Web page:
In a cosmic, roundabout way, a 1985 car accident that seriously injured Pussy Galore/Boss Hog guitarist Kurt Wolf is responsible for Pat Thomas's book Listen, Whitey! The Sights and Sounds of Black Power, 1965–1975 getting published.
You see, Wolf, a friend and bandmate of Thomas's in the Rochester, New York, group Naked Lunch in the mid '80s, has a sister named Kathy Wolf, and she and Thomas would tend to Kurt and play records and watch movies with him while he recovered in his body cast.
Although Thomas and Kathy Wolf lost contact after this encounter, they reconnected in 2008 via Facebook. Thomas was living in San Francisco and pondering going back to college while working on his book about Black Power music. Wolf, a visual and graphic artist, had moved to Seattle. Both were dealing with failing marriages. Thomas mentioned his project and sent Wolf his unfinished manuscript.
In the summer of 2009, Thomas moved to Seattle, cramming all the book materials that he could fit into his Scion xA. The couple soon formed a fruitful creative and personal relationship. Wolf made a PDF mock-up of Thomas's work in progress and presented it to her friend Eric Reynolds, a marketing director and editor at the Seattle publishing house Fantagraphics. Impressed, Reynolds showed it to his boss Gary Groth, who quickly green-lighted the book. (Groth wanted the book to be called Wake Up, Niggers, which is a Last Poets song, but Thomas and other Fantagraphics employees convinced him to go with a less inflammatory title.)
Wolf suggested that Thomas take courses at the Evergreen State College. "She knew that their brand of radical free thought would work well with my book," Thomas says. "And sure enough, the moment I arrived on campus, I was befriended by an African Asian American professor, Chico Herbison, who became my mentor for the completion of the book."
Thomas's passion for the Black Power movement and its music has roots in his days as A&R man for San Francisco–based Water Records, where he facilitated reissues of albums by artists deeply involved in improving the lot of their people: the Watts Prophets, Elaine Brown, Gene McDaniels, and Eddie Gale.
That zeal escalated in 2005 when Thomas, then living in Oakland, attended a party where he met Keith and Kent Zimmerman, who, serendipitously, were cowriting a book with David Hilliard, the Black Panthers' former chief of staff when Huey Newton and Bobby Seale were in charge. Thomas mentioned to the Zimmermans his interest in Black Power, and they gave him Hilliard's phone number. Thomas and Hilliard went on to strike up a solid friendship. During their time together hanging out, Thomas would never formally interview Hilliard, but rather he would casually coax out information about his Panther past.
"I called him up one day and said, 'You know, David, by all accounts, you should be dead,'" Thomas recalls. "He said, 'That's right. Either I should've been shot by the cops or I should've punked out when I was in prison. I'm lucky to be here.' The other thing I realized is the average age of the Panther was like 22. Think of us: We were all 22 at one point. We couldn't have dreamed up something like that. That's where the whole [urge to write the book] started."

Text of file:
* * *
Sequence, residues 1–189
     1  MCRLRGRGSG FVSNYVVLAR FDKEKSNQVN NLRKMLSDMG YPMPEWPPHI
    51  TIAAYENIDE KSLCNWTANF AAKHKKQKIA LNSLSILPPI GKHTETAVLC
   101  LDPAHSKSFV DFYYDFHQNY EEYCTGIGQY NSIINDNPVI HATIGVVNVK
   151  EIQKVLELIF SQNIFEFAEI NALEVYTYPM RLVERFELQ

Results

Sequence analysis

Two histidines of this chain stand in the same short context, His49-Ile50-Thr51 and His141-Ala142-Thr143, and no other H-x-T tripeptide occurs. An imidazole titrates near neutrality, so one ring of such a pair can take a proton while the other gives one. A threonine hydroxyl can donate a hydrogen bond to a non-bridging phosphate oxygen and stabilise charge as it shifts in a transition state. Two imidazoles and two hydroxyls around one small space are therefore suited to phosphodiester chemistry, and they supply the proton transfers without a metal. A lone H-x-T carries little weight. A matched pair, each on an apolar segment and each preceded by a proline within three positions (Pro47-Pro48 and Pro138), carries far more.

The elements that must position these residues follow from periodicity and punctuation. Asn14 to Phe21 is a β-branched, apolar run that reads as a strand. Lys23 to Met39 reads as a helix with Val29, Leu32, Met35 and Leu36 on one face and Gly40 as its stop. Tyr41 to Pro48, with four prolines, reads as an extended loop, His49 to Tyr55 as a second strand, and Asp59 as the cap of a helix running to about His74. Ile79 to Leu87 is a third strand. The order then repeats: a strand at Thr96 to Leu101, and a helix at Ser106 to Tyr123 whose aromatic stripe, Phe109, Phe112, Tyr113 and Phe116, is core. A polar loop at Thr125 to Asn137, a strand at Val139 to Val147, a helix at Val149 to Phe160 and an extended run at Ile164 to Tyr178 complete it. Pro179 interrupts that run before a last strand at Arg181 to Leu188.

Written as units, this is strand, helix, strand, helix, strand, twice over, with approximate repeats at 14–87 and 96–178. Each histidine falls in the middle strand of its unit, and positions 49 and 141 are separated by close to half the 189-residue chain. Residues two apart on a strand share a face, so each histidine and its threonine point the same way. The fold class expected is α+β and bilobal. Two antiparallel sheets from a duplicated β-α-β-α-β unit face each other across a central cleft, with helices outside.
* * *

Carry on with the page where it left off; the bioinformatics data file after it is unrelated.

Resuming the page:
Thomas's obsession further intensified. After discovering Brown's 1969 LP Seize the Time and helping Water to reissue it on CD in 2007, he found himself amassing more recordings affiliated with the Black Power movement. He estimates he's spent $5,000 to $10,000 on eBay tracking down obscure albums and singles in the jazz, pop, soul, folk, and funk veins.
Thomas had never written a book before Listen, Whitey!, but in the summer of 2008, he went on a writing binge, banging out 40,000 words in two weeks about, he says, "all the politics and the social changes fused with the music during the late 1960s and early 1970s."
"I compare it to Jack Kerouac, who supposedly wrote On the Road in two weeks without stopping," Thomas says. "I'd sleep like two hours a day. I was pumped up on creative adrenaline, only stopping to briefly check a date or fact or two from a book, or double check the credits on a specific LP. I knew the material so well at this point that I didn't really need to reference anything. Then I didn't write anything for months. When I got the deal with Fantagraphics, I thought, 'Now what do I do?' One of the things Kathy helped me with is we made a list of every album that hadn't been written about yet."
Listen, Whitey! reveals Thomas and Wolf's thorough scholarship, trenchant commentary, and keen eye for graphics regarding the music and political actions associated with Black Power during the tumultuous decade from 1965 to 1975. Thomas traces the vicissitudes of key figures in the movement (Huey Newton, Stokely Carmichael, Bobby Seale, Elaine Brown, Eldridge Cleaver, David Hilliard) as well as analysis of contributions by cultural icons and activists like comedian Dick Gregory, literary/music critic Stanley Crouch, and the poet/dramatist Amiri Baraka. The tome also assesses how Black Power attracted white allies like Bob Dylan, John Lennon and Yoko Ono, and, most strangely, the Partridge Family—a 1971 episode of the TV show was dedicated to the vanilla band's encounter with Black Panther members in Detroit.
Thomas, who is white, thinks that his outsider status was advantageous in the endeavor "in the sense that my book has no agenda. There's a book called The Shadow of the Panther by Hugh Pearson. He's black. I don't know him, but it's obvious from reading his book that he decided the Black Panthers were bad guys and he was going to write a detailed but very biased history."